How virus lockdowns have triggered a surge in domestic violence across Australia – and why there are fears it is about to get much worse
- Coronavirus lockdown triggered a surge in domestic violence across Australia
- About 13.2 per cent of women living with partners experienced a form of abuse
- Poverty and financial stress often limit women from fleeing violent situations
- Experts have warned reduced welfare payments may force women to stay
Experts have warned coronavirus lockdowns have triggered a surge in domestic violence across Australia, and that could worsen in the coming months.
The Australian Institute of Criminology surveyed 15,000 women in May about their experiences with domestic abuse during the COVID-19 pandemic.
At least 13.2 per cent of the women who were living with a partner reported experiencing some form of violence or coercive control since February and, worryingly, two-thirds of them said that violence began or worsened during lockdown.
Kelsey Hegarty, the chair Of Family Violence Prevention at the University of Melbourne, said varying forms of abuse had escalated amid the coronavirus.
‘The enforced isolation and lockdown are creating conditions where abuse and violence might increase,’ she told Daily Mail Australia.
Domestic violence increased across Australia during coronavirus lockdowns with 13.2 per cent of women (file image pictured) living partners experiencing some form of abuse
Experts warned the domestic violence could worsen in the coming months with reduced government support payments (Centrelink pictured) forcing women to return to their partners
At least 8.2 per cent of the surveyed women experienced physical violence and another 4.2 per cent reported sexual violence amid the pandemic.
‘The nature of domestic violence has changed so people who used violence are using different control tactics during COVID,’ Prof Hegarty explained.
The survey determined couples spending more time together and increased social isolation as the major factors contributing to the rise in abuse.
Australian women in abusive relationships were given a lifeline when the government increased income support payments by $550 a fortnight during the pandemic.
‘One of the factors associated with family violence is poverty, so if people are in poor conditions, it’s very difficult for them to leave,’ Prof. Hegarty said.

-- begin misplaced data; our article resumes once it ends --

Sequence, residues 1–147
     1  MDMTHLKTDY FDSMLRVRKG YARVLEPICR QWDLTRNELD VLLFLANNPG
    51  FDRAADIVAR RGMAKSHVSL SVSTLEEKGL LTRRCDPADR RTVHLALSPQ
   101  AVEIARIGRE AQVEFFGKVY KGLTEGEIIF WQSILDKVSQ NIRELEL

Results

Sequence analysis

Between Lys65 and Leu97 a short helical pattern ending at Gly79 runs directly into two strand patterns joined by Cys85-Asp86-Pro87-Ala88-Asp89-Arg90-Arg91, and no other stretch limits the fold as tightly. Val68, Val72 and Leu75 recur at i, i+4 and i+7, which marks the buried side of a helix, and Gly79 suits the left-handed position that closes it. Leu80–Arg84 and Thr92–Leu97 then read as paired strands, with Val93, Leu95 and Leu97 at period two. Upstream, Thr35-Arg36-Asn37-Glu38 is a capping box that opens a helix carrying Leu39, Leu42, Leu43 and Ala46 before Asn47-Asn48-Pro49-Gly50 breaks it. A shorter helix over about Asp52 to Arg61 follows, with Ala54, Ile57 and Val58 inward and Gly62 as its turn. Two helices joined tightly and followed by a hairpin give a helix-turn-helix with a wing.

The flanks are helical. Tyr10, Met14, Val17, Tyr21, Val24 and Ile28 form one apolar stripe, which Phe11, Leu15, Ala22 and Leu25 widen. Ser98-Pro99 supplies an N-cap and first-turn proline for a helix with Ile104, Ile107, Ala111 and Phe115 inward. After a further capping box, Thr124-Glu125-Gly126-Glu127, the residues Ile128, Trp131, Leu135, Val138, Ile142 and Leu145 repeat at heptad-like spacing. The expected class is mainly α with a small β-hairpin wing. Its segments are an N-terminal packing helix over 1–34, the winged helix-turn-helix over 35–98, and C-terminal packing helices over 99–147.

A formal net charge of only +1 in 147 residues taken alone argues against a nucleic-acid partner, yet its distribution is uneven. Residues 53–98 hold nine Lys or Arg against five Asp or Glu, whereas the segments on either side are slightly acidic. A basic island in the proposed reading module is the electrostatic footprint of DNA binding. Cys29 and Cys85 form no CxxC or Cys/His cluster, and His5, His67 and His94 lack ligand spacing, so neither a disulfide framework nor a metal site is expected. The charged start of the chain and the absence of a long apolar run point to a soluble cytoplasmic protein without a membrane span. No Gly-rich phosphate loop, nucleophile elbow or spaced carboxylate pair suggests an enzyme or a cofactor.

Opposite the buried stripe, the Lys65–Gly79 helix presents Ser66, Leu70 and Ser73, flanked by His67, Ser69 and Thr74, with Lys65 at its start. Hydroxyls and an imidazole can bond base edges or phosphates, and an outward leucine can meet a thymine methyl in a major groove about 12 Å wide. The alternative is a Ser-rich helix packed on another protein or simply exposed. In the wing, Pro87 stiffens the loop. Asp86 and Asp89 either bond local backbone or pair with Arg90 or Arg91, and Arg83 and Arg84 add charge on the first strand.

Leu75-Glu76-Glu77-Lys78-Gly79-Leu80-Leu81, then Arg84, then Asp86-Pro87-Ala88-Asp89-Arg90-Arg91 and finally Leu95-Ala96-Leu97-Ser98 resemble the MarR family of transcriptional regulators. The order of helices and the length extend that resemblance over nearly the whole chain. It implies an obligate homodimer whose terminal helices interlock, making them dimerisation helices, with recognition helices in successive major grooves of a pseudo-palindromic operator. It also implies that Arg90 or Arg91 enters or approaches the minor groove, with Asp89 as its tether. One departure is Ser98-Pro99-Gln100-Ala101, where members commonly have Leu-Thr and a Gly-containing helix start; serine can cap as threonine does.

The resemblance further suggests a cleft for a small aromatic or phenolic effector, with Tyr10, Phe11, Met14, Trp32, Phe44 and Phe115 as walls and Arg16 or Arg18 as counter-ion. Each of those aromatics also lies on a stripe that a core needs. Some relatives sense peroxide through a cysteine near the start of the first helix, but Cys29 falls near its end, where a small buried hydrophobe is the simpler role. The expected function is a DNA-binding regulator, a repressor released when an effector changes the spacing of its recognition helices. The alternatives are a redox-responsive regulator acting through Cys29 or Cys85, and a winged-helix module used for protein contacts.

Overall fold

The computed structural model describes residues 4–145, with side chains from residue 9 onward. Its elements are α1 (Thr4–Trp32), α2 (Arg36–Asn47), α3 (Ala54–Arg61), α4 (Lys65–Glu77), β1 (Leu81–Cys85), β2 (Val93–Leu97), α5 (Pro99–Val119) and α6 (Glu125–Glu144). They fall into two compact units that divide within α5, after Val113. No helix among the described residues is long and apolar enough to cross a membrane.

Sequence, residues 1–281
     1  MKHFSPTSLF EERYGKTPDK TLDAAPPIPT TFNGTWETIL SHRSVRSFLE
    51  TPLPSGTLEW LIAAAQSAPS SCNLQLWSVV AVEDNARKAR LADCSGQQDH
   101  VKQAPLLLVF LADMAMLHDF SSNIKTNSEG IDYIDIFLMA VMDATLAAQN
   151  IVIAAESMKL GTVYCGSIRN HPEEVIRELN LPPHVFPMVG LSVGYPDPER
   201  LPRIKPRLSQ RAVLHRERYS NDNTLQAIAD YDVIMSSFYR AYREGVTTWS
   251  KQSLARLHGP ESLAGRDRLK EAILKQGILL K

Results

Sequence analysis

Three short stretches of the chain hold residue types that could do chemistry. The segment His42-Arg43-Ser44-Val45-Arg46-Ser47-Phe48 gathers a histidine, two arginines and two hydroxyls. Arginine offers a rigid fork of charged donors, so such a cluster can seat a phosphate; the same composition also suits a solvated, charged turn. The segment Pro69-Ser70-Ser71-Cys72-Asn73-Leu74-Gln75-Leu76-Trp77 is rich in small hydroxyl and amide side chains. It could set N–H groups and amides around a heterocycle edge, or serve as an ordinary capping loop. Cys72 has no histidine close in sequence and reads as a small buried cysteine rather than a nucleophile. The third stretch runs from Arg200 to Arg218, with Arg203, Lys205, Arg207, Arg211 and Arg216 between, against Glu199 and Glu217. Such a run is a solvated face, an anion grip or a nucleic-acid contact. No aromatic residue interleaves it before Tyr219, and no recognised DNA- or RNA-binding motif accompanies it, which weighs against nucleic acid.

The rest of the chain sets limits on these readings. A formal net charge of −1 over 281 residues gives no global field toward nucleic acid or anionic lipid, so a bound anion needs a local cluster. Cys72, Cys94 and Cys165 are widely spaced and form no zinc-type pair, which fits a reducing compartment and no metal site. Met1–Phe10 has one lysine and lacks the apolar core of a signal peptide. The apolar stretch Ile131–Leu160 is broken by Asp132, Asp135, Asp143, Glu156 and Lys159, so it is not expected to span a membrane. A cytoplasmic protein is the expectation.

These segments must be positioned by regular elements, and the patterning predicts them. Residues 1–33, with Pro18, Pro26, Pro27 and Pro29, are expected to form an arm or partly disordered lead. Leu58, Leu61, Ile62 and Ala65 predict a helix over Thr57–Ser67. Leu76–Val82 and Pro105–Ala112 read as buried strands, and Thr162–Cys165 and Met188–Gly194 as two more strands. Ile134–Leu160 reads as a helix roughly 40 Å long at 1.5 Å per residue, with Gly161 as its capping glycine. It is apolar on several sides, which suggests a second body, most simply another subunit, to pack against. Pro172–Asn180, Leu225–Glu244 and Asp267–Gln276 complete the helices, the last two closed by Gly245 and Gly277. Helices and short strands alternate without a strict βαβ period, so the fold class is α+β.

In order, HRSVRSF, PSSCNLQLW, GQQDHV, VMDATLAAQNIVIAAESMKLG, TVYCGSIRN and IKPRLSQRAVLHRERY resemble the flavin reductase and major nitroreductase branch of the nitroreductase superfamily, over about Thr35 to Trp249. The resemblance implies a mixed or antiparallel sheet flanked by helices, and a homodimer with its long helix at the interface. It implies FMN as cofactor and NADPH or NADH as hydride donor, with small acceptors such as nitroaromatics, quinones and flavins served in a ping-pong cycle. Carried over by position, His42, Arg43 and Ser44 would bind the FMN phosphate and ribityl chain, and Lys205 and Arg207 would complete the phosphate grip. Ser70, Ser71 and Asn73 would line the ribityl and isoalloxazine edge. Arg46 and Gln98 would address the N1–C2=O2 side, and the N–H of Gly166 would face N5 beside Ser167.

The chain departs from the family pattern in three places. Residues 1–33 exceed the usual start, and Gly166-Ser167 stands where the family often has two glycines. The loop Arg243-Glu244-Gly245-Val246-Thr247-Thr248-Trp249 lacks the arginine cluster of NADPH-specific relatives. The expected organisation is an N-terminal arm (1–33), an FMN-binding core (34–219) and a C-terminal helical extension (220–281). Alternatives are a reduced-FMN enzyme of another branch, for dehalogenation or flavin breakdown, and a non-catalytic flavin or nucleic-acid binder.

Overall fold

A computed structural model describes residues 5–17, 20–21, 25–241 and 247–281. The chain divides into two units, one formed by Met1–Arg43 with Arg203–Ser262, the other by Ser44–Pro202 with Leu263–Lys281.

Prof Hegarty explained JobKeeper and JobSeeker payments gave domestic abuse survivors the ‘ability to access housing, access services and assist their children.’
‘We know that financial stress is associated with domestic violence, in that women are caused to be poor as a result of having to flee domestic violence,’ she said.
But there were concerns that tightened eligibility and payment rates for both JobKeeper and JobSeeker, cutting the fortnightly coronavirus supplement last month to just $250, may make the situation worse.
Two-thirds of women who reported experiencing violence from their partners said the abuse had begun or escalated during coronavirus lockdown (Melbourne park pictured in September)
Prof Hegarty warned the reduced rates may force women back into abusive relationships or prevent them from leaving.
‘Any income measures that reduce their ability to manage financially will impact on all sorts of things,’ she said.
Prof Hegarty criticised the government support payment for being ‘incredibly hard to live on’.
‘A woman might have to flee without anything. No fridge, no washing machine, no nothing.
‘The ability to support oneself in that situation on JobSeeker is almost impossible.’
She called on the government to provide more financial support for domestic abuse survivors and those struggling through poverty.
‘We should have a safety net in Australia that a baseline level of income is given to all.
‘It’s fundamentally saying that we care that people can have safe housing and are able to eat,’ Prof Hegarty said.